npr

When bad things happen with firearms, there’s usually an immediate emotional response. People demand that “something must be done” to “protect the children” from the “epidemic of gun violence.” Needless to say (A) what we’re doing now seems to be working pretty well, (B) it’s usually the “children” doing the shooting, and (C) there is no “epidemic.” Nevertheless, the usual gun control activist media outlets never pass up the chance to push the civilian disarmament agenda on the heels of a prominent gun-related news story, and NPR is giving it both barrels (so to speak). Yesterday they were talking up a “study” that claimed gun owners are racists and more likely to shoot black people than white people. Today they are mulling the best way to present mass shooting news in order to make people think more gun control is the solution . . .

From the article:

The researchers were interested not only in whether reading these different news stories would influence people’s views about appropriate gun legislation, but also whether they would have different implications for people’s attitudes toward the mentally ill.

Overall, they found that hearing any of the news stories about the mass shooting increased support for a ban on the sale of high-capacity gun magazines and had a negative impact in respondents’ attitudes toward the mentally ill: They were less willing to have a person with serious mental illness start working closely with them on a job, and they were less willing to have a person with serious mental illness as a neighbor.

But the news stories with different emphases weren’t equivalent in their effects: Those who read the news story that emphasized dangerous guns supported a ban on high-capacity gun magazines more strongly. The two texts did not, however, have significantly different effects when it came to attitudes toward the mentally ill or gun restrictions for people with serious mental illness. This could be because the baseline levels of support for gun restrictions for people with serious mental illness were already high across the board: More than 70 percent of the respondents who didn’t read any of the news stories supported increasing federal funding to enable such restrictions.

What we have here is a how-to instruction manual on twisting people’s emotions in news stories to best manipulate their course of action. A propaganda manual, as it were. Using emotion to steer your readers toward supporting a given position despite any actual evidence or facts.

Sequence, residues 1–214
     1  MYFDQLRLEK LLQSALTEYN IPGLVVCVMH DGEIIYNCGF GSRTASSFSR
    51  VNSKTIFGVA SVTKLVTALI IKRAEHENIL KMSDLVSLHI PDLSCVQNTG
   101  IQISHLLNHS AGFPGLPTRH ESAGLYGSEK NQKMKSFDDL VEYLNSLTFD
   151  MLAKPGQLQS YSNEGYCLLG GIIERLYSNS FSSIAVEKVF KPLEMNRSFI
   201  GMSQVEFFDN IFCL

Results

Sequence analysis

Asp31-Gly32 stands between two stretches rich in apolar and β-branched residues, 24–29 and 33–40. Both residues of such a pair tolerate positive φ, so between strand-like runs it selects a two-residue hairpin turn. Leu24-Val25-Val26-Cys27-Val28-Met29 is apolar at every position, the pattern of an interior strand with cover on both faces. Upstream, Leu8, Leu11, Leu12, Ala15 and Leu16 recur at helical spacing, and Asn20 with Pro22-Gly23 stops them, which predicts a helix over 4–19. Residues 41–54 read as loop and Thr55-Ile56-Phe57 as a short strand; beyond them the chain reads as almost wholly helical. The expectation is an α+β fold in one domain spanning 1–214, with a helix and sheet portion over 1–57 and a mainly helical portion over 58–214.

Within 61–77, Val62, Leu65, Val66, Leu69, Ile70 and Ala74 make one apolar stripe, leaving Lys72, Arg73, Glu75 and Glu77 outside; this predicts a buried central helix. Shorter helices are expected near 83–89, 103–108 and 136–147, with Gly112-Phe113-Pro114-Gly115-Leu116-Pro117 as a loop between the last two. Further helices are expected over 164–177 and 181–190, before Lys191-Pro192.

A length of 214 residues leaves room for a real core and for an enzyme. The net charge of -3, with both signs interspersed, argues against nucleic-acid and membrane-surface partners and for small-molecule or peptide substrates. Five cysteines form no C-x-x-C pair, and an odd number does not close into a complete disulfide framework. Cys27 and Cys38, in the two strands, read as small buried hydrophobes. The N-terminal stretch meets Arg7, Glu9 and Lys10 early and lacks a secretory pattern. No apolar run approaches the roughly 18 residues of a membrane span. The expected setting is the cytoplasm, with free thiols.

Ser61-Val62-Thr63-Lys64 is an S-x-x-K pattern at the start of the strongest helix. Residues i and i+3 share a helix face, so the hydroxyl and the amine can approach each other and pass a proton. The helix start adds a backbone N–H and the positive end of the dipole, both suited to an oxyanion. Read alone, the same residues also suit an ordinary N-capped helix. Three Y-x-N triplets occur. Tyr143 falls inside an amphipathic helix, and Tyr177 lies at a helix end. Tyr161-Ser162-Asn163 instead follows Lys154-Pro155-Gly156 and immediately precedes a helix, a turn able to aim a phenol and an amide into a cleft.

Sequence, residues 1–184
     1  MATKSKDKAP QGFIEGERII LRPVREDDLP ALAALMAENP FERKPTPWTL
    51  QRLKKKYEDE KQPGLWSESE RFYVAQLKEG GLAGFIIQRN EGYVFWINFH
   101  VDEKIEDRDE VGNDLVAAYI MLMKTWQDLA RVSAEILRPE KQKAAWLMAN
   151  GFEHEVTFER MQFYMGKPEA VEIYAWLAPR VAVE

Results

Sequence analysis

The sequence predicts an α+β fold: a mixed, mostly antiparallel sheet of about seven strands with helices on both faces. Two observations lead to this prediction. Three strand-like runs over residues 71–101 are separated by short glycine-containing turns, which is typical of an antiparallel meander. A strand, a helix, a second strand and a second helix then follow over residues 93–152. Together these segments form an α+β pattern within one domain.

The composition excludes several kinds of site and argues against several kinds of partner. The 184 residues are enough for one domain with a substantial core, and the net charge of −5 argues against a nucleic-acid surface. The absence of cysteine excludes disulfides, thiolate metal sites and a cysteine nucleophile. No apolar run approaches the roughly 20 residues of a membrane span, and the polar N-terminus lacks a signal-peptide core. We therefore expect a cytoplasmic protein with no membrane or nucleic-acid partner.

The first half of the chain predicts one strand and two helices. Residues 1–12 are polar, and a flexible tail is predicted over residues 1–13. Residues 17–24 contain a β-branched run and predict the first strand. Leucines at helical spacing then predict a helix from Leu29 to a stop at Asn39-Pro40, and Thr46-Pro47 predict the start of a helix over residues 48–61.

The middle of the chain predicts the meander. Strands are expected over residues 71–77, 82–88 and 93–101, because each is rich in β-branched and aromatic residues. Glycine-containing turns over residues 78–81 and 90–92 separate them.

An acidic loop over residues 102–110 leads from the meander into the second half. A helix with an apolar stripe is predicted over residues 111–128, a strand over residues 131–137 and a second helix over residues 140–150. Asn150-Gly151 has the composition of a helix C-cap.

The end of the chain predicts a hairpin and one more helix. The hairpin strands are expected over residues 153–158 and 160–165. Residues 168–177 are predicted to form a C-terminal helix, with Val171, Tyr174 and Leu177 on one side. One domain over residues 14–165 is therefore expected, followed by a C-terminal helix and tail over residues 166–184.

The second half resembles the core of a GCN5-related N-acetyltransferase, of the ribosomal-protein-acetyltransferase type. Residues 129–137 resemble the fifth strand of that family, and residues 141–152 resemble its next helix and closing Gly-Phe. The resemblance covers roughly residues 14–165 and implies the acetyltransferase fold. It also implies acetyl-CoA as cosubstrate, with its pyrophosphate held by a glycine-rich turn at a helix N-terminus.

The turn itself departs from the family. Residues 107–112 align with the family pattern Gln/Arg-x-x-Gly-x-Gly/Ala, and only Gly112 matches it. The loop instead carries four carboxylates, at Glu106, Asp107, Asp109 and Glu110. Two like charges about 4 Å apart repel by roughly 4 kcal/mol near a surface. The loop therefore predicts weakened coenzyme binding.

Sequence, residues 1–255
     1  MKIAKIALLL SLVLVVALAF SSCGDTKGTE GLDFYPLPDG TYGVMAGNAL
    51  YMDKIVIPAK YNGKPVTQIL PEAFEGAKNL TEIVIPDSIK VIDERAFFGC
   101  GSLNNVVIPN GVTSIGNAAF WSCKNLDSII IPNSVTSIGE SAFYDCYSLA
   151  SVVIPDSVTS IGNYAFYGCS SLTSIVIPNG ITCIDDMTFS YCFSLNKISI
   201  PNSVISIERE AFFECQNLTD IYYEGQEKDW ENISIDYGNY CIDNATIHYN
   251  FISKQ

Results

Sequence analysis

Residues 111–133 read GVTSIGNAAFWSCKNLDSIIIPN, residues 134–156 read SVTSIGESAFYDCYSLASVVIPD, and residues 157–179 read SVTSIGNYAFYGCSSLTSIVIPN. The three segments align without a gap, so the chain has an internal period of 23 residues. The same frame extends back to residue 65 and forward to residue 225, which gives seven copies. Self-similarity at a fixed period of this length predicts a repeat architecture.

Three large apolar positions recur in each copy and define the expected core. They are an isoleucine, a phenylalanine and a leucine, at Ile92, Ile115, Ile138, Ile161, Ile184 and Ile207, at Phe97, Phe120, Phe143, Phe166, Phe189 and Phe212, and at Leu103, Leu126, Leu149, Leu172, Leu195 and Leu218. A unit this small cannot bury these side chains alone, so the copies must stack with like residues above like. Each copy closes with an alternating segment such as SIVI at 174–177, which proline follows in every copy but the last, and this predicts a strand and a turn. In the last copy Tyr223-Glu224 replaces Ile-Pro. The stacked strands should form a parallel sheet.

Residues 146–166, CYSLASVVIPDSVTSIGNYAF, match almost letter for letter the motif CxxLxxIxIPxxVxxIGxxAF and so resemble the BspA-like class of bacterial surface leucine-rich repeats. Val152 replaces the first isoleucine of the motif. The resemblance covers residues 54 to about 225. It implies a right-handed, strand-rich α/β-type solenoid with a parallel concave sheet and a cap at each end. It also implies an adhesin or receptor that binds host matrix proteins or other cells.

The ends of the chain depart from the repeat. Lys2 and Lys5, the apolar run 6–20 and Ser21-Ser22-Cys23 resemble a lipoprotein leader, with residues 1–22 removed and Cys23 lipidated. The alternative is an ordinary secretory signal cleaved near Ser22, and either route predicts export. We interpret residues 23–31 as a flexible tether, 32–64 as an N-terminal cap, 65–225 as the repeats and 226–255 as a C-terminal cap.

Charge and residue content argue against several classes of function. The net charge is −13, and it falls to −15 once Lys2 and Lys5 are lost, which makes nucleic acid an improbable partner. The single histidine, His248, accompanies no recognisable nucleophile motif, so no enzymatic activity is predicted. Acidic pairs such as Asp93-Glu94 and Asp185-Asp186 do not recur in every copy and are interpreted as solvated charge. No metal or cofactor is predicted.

When Colion Noir asked for calm and rational thought in the wake of the on-air shooting of two TV news workers, he was trying to appeal for people to check their knee-jerk emotions at the door. The only way to solve what little “gun violence” actually happens in the United States is to approach it from a methodical and logical point of view.

Relying purely on emotion to make our decisions for us won’t solve anything, and will do more to hurt everyday Americans than help them. That’s how we wound up with the USA PATRIOT Act, and God knows the last thing we need is another one of those.

66 Responses to NPR On The Best Way to Spin News Stories To Promote Gun Control

  1. That’s their battle plan.

    Nick, just for grins, as you go about your day, ask a few people if they believe gun violence is skyrocketing.

    I’d be very interested in hearing your results of that survey.

    We know the reality, the un-informed don’t.

    That is something we had better start addressing.

    • Geoff, About 6 weeks ago Alan Gottlieb of the SAF spoke our 2A group in San Jose, CA. Room was packed – probably at least 100 attending. Mostly white, male, and gray hair.

      Gottlieb asked for a show-of-hands as to how many thought litigation in support of 2A over the past year was:
      Loosing? About even? Winning in the courts?

      3 raised hands for winning; overwhelming for loosing, and a smattering of about even.

      Correct answer: winning – and not by a little per Gottlieb. He then went into details about the litigation.

      • Gottlieb was asking *pro* 2A folks that question.

        I asked Nick to poll random folks if they were under the impression gun crime was increasing.

        The point I was trying to make was I bet a random, cross section of people believe gun crime is rising.

        You and I know that isn’t so, but I bet a large percentage of the population THINKS IT IS RISING.

        Meaning, how can we communicate to the general public gun crime *isn’t* rising?

        NPR and the media are going to keep repeating the lie crime is increasing until it’s believed to be truth.

        How do we best counter that lie?